Washingtonians live in one of the nation’s hot spots for industries with an insatiable demand for workers skilled in science, technology, engineering and math, the so-called STEM subjects. We’re home to many of the world’s biggest players in computer science, aerospace and medical research.
We’re fortunate, because it is projected that STEM-based occupations will comprise 70 percent of all new jobs over the next 10 years. And these will be the fastest-growing and highest-paid career tracks.
Given that backyard opportunity, you might think our high schools and higher education institutions graduate large numbers of students with a STEM focus, compared with other states. But they do not.
Washington lags almost every other state in science and engineering graduates. Twice as many students in Maryland took the Advance Placement computer science exam. We rank near the bottom of states for women and students of color pursuing STEM programs.
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It’s a puzzling dilemma, and one that state lawmakers, educators and private industry are scrambling to solve.
The Legislature took several positive steps to invest in STEM education last year. It passed a measure that allows AP computer science courses to count as both a science and a vocational graduation credit.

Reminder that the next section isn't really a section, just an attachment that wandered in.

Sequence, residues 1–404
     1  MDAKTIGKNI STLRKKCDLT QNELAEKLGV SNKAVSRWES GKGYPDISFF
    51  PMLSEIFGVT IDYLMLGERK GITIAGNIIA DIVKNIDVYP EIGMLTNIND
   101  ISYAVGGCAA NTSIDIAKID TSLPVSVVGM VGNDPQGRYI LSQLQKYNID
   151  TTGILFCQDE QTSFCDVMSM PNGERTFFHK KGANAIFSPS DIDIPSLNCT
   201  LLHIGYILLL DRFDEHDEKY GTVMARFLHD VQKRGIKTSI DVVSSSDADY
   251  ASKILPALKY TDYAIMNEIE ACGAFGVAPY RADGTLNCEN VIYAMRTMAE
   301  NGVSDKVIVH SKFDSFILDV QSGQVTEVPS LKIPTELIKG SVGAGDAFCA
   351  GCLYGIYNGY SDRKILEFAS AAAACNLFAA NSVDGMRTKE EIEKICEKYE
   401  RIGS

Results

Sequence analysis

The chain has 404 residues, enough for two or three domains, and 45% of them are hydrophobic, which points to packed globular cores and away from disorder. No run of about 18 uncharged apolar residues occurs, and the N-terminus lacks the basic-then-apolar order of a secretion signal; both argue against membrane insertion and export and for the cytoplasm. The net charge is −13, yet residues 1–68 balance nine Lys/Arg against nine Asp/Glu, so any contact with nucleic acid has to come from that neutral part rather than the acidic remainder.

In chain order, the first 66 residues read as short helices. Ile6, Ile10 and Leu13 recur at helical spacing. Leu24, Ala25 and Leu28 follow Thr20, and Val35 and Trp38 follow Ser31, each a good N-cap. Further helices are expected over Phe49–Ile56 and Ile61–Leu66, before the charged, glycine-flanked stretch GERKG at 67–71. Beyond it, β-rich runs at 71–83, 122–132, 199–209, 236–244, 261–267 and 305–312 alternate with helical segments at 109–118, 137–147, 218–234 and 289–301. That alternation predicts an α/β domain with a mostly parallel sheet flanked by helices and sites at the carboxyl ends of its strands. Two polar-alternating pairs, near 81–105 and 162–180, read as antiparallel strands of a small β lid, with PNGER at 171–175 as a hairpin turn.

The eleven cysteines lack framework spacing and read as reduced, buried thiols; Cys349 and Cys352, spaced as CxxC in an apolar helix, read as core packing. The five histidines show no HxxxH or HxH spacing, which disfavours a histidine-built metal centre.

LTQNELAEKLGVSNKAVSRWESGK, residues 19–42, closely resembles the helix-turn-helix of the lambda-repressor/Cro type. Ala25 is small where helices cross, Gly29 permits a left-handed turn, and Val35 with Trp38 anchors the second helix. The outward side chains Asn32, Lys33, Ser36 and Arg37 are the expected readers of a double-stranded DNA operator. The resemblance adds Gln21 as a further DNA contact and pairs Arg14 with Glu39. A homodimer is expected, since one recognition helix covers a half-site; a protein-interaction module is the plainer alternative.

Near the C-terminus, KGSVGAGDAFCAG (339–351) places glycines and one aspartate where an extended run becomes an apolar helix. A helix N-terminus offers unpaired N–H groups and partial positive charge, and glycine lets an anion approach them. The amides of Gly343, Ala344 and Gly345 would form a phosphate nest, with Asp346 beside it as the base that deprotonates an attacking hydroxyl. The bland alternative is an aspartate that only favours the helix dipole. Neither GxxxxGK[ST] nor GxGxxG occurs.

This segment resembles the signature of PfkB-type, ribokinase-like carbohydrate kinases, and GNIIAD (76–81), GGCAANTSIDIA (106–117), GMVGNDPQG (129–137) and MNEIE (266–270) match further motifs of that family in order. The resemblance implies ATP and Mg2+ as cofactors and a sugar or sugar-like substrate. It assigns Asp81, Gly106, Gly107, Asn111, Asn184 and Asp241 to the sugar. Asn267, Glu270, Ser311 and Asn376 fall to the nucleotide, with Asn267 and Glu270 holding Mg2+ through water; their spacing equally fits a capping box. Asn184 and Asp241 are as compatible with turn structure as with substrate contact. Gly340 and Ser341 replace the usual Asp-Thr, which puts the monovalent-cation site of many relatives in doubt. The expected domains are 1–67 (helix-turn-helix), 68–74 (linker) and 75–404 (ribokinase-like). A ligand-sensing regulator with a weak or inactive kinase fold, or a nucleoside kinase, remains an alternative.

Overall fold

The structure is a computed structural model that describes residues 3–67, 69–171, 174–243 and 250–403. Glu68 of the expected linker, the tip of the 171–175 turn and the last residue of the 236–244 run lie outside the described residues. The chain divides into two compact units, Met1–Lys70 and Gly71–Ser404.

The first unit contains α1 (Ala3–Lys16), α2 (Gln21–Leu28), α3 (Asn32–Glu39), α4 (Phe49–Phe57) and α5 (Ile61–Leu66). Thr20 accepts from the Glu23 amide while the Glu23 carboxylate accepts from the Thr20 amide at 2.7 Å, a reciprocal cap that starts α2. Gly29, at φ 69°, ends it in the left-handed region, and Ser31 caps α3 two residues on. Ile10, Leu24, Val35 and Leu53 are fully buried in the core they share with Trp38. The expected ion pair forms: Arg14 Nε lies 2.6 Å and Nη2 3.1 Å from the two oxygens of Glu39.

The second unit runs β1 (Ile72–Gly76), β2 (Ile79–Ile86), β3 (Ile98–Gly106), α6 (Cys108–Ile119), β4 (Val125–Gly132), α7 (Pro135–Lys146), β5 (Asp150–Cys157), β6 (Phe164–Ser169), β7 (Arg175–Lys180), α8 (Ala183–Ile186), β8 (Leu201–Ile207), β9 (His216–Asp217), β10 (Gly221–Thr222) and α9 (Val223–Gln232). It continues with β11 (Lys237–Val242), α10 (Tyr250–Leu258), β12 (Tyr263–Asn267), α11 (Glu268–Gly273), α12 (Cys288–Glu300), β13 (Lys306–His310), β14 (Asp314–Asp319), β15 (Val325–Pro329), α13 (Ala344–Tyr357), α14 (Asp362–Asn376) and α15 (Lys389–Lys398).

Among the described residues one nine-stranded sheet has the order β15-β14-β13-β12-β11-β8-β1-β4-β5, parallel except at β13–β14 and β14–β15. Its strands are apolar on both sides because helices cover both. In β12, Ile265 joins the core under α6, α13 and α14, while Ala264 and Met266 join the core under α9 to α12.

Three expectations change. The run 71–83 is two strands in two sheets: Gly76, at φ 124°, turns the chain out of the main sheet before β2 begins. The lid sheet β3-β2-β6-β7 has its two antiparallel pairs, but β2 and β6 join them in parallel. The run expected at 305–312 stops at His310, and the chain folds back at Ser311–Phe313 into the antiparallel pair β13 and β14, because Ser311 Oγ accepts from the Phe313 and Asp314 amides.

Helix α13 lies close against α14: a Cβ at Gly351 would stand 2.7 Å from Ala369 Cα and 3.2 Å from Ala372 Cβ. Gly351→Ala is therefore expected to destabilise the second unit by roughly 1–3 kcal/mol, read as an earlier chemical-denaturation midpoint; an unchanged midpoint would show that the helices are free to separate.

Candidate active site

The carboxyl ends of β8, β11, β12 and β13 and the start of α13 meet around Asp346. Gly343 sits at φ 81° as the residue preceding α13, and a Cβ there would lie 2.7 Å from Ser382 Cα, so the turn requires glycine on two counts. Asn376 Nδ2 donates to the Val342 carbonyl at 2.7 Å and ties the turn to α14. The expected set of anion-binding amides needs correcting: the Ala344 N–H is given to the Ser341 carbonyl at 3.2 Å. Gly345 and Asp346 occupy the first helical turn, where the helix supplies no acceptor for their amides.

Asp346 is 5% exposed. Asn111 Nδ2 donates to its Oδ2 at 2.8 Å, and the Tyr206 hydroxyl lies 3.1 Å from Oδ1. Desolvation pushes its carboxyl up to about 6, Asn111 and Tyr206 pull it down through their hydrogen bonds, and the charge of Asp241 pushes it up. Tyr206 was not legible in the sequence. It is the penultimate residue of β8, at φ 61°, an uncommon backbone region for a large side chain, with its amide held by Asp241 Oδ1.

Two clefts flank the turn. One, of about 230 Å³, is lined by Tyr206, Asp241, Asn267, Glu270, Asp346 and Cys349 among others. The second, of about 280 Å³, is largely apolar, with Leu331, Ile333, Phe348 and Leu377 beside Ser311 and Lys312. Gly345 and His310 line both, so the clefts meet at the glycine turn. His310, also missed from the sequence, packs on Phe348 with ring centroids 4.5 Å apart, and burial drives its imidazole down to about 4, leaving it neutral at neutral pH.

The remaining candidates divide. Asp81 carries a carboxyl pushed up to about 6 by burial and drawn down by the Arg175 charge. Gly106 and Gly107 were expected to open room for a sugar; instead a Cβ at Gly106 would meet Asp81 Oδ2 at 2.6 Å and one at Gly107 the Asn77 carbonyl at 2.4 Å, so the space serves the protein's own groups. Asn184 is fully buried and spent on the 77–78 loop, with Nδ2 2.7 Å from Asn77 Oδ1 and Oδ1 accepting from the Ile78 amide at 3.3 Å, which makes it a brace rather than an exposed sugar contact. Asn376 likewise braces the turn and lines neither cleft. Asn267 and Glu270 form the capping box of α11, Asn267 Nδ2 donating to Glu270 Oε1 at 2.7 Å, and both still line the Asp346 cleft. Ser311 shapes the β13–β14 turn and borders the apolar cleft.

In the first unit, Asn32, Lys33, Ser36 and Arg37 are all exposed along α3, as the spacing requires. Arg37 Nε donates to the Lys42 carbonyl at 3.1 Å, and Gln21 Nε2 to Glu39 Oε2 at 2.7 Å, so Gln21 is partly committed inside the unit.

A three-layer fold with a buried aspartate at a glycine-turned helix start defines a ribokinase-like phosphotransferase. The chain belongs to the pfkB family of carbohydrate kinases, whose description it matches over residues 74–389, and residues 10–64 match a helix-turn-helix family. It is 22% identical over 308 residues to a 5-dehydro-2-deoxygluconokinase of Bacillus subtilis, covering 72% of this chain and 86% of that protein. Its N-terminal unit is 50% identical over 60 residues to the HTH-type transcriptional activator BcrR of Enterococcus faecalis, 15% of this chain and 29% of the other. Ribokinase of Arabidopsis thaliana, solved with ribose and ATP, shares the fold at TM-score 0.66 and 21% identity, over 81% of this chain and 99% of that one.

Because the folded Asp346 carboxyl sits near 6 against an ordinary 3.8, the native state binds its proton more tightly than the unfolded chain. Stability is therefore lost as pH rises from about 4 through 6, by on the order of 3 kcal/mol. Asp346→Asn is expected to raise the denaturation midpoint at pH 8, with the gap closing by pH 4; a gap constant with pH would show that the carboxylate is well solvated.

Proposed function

Lawmakers designated millions of 2013-2015 biennium capital funds for STEM facilities, such as the $6 million science lab renovations at The Evergreen State College and nearly $42 million for a science and math building at Grays Harbor Community College.
Another 2013 bill charged Gov. Jay Inslee with convening a STEM alliance from members of the private and public sectors to map out a comprehensive approach to STEM education.
The private sector is helping this movement along. Washington STEM — a nonprofit created by the Washington Roundtable — already is breaking ground. It has invested $5 million to develop the first three regional STEM networks in what it hopes will become a statewide system.
Each regional network, roughly organized around Education Service Districts, will test, evaluate and share best STEM education practices. WaSTEM also will help educators create urgently needed professional development programs to improve the quality of STEM instruction.
The governor’s proposed budget includes $1 million for Washington STEM to continue its work. Lawmakers should approve the funding mechanism to partner with industry.
There’s more to be done. The Legislature must approve a grant program to create more science labs in secondary schools, approve the 24-credit requirement for a high school diploma, which includes requiring a third credit for science, and allocate more funds to create more STEM openings in higher education.
Boeing had good reasons to insist that the state invest in aerospace education as part of the deal to keep 777X production in Washington. We have a poor record of educating the skilled workforce most needed today by the state’s largest employers.
Unless we reverse that trend, the best jobs in Washington will be filled by graduates from states like Maryland that invest more in STEM education.